Vinciane Istace, Leader of People Process Outsourcing and Diversity & Inclusion and Nelly Mazzarol, Managing Director of People Process Outsourcing at PwC Luxembourg share their vision about the new ways of working.
How did remote working evolve, if you compare 2019 with the current situation?
Many organisations, especially in Europe, tended to consider Home-Based Working (“HBW”) as an alternative working practice that still required strong monitoring and clear limitations. Many companies anticipated a negative impact on profitability if managers could not keep an eye on their direct reports. As a result, HBW was usually only available as a special arrangement to accommodate families in specific cases. It was then common for businesses to allow their employees to work from home once or twice a week.
The current Covid-19 crisis pushed many of us to experience HBW on a large scale. Though it was out of immediate necessity, we are coming out of it with some positive feedback. Both from employers’ and employees’ perspectives, HBW has gained in appreciation and popularity. The common fear, that a loosened control of the work performed may harm efficiency and productivity, was gradually replaced by more trust and better time management. The actual experience is a positive impact on working with a greater focus: due to less interruptions and time lost in commuting …or multiple meetings.
It is very likely that post-Covid-19, many organisations will then review their ways of working and more systematically propose remote working possibilities. This time it will no longer be the response to the urgency of a situation but truly an evolution in our way of working. It is not only about working from home, but also interacting digitally with colleagues, clients and providers.
Hence the importance of technology to connect to people such as teleconferencing and various mobile-data services to promote the development of remote working.
Will home-base working stay the “new normal” even after the crisis?
In a company like PwC with around 3,000 people, we had (fortunately) introduced home-based working prior to the crisis, and we had reflected on the implementation of relevant HR policies. A HBW framework was already in place to encourage the right behaviours in terms of risk awareness, timely communication, team and client meetings’ priorities, compliance with the standard office hours and tax and social security obligations. HBW was proposed as an option to our employees for greater work flexibility. Like many organisations, it was certainly not a recurrent working pattern, as limited to one day a week.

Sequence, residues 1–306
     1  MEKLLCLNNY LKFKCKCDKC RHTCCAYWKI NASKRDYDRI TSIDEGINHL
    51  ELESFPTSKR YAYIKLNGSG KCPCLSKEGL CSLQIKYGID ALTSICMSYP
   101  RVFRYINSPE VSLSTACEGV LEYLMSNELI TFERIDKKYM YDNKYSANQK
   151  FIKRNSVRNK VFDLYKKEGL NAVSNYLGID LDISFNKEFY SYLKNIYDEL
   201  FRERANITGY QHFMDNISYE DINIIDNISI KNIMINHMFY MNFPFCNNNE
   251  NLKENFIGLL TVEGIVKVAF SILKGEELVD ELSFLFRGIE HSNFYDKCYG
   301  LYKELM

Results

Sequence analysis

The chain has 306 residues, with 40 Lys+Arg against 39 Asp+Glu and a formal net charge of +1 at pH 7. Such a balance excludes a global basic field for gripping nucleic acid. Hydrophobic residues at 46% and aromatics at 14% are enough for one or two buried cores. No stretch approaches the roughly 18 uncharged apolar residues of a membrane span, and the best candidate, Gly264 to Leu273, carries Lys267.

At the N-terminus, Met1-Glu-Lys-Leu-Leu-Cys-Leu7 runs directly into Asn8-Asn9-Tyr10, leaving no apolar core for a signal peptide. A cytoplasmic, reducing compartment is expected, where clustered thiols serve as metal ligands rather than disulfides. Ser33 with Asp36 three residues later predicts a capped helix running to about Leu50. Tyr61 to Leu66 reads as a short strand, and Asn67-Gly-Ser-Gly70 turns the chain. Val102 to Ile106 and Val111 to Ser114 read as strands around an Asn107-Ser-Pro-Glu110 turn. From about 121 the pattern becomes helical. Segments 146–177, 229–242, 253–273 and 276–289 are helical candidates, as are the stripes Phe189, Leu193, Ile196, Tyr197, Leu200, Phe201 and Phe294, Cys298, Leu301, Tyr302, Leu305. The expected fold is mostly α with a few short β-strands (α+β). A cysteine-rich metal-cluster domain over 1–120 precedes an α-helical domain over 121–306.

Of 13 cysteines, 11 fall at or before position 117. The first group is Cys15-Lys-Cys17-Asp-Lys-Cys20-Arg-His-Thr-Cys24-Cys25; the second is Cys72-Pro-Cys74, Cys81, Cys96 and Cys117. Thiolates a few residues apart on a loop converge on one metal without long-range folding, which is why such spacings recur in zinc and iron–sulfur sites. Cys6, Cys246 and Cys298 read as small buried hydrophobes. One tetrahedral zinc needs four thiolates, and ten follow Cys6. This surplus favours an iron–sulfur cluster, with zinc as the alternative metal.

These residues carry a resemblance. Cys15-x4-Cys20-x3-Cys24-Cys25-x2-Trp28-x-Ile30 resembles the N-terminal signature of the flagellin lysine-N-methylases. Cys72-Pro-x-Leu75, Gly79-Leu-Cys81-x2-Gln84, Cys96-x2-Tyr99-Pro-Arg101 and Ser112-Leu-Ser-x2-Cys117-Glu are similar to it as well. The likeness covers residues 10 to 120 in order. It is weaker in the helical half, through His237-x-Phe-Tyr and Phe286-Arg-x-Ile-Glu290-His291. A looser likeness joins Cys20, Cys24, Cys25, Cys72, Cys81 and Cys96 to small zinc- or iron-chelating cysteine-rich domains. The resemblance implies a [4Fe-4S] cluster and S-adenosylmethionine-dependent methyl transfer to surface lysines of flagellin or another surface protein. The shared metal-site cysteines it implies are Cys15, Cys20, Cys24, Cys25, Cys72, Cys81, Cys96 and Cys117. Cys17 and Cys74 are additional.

Crises are often a crash test for management, people and existing infrastructure. There were some good lessons learned from this unusual period. And the most important one is simply that we can work efficiently and successfully from home. It will certainly trigger a reflection for the way forward in terms of a larger acceptance of HBW both from the employer and employees’ perspective. It is especially relevant for a country like Luxembourg where 50% of its workforce consists of cross-borders aspiring to spend less time commuting.
From the moment that it is no longer necessary to define your workspace as the office you work in, you can also anticipate that remote working new habits will have a great influence on office design in the next couple of years. There might be a need for less office space and though it is premature to quote any precise figure, there is a realistic possibility of a 20% reduction.
How much flexibility should be granted to employees, in order to be able to consider personal needs as well as firm objectives?
When it comes to flexibility, it is essential to define the core elements: - what is expected in terms of presence time to enable client and team interactions; - what are the communication protocols and the level of transparency deemed necessary, - what are the standard key performance indicators (KPIs) for both management and employees. Remote team members have to be aware of expectations and their performance can be monitored
Organisations should improve their remote work policies and capabilities and define a clear framework to promote the appropriate use of this flexibility but also to display the right behaviours towards your remote workers as they deserve the same (digital) attention as on site workers.
The level of flexibility that could be granted in terms of work location is however limited by regulatory constraints which are unequal according to the country of residence of your workers.
All the border states have concluded a double-tax treaty with Luxembourg enabling them to recover part of the salary taxation on the non-resident cross-border salaries when they are working partially outside of Luxembourg for their Luxembourgish employer.